Acute and perioperative care of the burn-injured patient

Edward A. Bittner, Erik Shank, Lee Woodson, J. A.Jeevendra Martyn

    Research output: Contribution to journalReview articlepeer-review

    158 Scopus citations


    Care of burn-injured patients requires knowledge of the pathophysiologic changes affecting virtually all organs from the onset of injury until wounds are healed. Massive airway and/or lung edema can occur rapidly and unpredictably after burn and/or inhalation injury. Hemodynamics in the early phase of severe burn injury is characterized by a reduction in cardiac output and increased systemic and pulmonary vascular resistance. Approximately 2 to 5 days after major burn injury, a hyperdynamic and hypermetabolic state develops. Electrical burns result in morbidity much higher than expected based on burn size alone. Formulae for fluid resuscitation should serve only as guideline; fluids should be titrated to physiologic endpoints. Burn injury is associated basal and procedural pain requiring higher than normal opioid and sedative doses. Operating room concerns for the burn-injured patient include airway abnormalities, impaired lung function, vascular access, deceptively large and rapid blood loss, hypothermia, and altered pharmacology.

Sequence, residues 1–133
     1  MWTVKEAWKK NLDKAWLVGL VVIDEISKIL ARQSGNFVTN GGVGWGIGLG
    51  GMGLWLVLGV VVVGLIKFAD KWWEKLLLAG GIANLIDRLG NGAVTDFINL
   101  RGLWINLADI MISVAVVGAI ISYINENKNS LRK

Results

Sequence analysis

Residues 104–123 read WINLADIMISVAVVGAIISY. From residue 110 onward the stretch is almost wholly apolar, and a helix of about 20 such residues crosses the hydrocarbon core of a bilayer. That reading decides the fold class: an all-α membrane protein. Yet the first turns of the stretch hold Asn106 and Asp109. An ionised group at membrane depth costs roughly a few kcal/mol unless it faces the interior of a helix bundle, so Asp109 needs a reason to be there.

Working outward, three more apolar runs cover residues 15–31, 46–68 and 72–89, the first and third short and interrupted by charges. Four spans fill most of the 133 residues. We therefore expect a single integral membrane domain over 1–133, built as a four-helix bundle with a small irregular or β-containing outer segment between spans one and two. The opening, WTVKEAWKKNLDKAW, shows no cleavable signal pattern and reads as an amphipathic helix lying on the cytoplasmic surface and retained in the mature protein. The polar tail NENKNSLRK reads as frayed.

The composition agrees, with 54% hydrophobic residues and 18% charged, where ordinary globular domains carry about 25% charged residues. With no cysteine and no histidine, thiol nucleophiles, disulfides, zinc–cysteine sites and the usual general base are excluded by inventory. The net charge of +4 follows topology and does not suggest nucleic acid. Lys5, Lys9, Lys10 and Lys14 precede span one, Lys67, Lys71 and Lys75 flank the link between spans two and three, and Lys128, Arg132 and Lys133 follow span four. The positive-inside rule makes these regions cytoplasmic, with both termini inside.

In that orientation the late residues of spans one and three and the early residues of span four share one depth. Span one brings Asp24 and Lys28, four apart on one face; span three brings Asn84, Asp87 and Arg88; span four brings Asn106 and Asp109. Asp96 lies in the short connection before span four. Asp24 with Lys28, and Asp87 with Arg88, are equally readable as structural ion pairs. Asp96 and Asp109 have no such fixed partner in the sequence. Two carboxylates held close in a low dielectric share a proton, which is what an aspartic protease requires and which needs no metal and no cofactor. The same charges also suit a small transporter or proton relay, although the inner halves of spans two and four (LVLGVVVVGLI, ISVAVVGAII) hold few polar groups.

Original languageEnglish (US)
    Pages (from-to)448-464
    Number of pages17
    Issue number2
    StatePublished - Feb 2 2015

    ASJC Scopus subject areas

    • Anesthesiology and Pain Medicine


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